This blog doesn’t pause for all the M & A activity that happens in education (and yes, at $600 billion annually it’s an industry, a dysfunctional one but one nonetheless) but one acquisition announced last week is worth a look: Wireless Generation has acquired The Writers Express (pdf). A few things that make this interesting.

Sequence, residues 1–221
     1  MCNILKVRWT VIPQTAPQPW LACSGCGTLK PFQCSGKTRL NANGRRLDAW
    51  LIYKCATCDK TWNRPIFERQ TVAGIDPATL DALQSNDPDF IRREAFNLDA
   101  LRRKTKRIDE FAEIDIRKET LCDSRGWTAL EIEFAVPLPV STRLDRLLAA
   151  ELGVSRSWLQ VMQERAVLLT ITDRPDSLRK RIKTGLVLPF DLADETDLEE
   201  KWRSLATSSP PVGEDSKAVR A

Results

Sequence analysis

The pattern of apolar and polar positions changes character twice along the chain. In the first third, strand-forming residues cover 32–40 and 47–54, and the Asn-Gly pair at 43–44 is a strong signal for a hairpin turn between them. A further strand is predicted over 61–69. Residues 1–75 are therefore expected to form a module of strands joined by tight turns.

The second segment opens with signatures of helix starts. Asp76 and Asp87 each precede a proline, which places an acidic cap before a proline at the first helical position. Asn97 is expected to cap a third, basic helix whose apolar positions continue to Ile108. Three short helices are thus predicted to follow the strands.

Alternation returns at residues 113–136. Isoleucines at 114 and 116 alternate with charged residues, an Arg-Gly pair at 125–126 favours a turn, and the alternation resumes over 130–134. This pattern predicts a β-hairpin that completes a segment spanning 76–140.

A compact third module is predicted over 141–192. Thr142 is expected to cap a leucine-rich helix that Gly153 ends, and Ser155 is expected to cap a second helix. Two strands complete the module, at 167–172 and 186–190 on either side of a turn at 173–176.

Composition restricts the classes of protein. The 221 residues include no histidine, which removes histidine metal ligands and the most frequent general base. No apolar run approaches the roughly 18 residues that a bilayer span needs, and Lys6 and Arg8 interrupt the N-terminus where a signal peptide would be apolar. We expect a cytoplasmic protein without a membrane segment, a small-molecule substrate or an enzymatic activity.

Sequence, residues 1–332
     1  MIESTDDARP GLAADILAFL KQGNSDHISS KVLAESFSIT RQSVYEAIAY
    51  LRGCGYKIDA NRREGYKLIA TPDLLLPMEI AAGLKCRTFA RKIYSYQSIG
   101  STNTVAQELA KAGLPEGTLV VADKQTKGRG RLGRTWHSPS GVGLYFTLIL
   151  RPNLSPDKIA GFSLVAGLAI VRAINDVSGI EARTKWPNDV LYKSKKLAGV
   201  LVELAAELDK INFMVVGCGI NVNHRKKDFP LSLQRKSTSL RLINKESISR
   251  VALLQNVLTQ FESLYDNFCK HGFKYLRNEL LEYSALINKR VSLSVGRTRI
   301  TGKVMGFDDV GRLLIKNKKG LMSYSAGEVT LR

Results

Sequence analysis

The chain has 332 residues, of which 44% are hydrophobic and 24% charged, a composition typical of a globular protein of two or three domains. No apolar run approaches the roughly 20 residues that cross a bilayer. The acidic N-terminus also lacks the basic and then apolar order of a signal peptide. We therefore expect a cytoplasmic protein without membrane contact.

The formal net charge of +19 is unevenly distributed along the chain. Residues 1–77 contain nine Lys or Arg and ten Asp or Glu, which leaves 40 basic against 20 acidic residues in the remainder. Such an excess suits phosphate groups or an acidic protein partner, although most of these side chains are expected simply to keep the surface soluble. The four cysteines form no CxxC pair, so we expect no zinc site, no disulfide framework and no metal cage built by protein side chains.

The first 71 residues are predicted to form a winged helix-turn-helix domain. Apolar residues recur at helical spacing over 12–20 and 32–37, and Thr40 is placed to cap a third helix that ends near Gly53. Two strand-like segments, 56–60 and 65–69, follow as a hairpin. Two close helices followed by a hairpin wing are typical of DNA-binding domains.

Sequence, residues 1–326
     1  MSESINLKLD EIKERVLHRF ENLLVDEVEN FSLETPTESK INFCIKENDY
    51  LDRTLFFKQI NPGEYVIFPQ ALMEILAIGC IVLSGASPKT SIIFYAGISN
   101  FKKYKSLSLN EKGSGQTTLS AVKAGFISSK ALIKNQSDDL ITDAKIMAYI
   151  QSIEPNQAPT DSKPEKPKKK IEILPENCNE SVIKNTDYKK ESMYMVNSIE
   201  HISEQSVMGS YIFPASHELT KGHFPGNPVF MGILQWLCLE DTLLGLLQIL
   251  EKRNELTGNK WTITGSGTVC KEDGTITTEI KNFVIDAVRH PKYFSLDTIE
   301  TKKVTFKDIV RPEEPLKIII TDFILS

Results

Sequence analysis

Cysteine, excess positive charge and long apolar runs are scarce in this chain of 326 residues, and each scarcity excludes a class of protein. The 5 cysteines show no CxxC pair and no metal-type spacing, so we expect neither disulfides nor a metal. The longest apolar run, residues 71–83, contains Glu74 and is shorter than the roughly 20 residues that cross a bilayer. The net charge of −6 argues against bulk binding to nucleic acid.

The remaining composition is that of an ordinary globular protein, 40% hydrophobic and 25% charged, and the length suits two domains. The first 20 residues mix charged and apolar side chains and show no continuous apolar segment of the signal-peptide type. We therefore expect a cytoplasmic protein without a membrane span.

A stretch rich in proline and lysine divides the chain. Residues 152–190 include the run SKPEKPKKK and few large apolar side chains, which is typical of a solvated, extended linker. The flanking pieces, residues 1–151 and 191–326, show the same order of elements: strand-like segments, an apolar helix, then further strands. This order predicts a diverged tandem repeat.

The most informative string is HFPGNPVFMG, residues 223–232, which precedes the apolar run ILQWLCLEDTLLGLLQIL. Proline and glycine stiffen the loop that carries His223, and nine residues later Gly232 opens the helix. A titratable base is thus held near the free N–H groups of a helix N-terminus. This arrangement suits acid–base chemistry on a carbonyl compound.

First, if conversations I have are any gauge then most people don’t realize how big Wireless is today. And at the same time how it became that way by growing the old-fashioned way rather than buying stuff up. So this move to acquire is a noteworthy one. Second, Writers Express was a non-profit. It’s commonly assumed that because the K-12 education marketplace is such a nightmare going non-profit is often the best path to survival politically and economically. In fact, for some ventures it might be the other way around. There are instances where a for-profit company can support and grow an idea or method in a way that a donor-supported entity can’t. Finally, on the substance of the deal, The Writers Express forges a middle-ground between the fairly rote writing instruction that is all-too-common (eg the burger model) and the substance and structure-free approach that characterizes the other extreme and is also too common. All this makes Writers Express an interesting arrow in the Wireless quiver and one worth watching.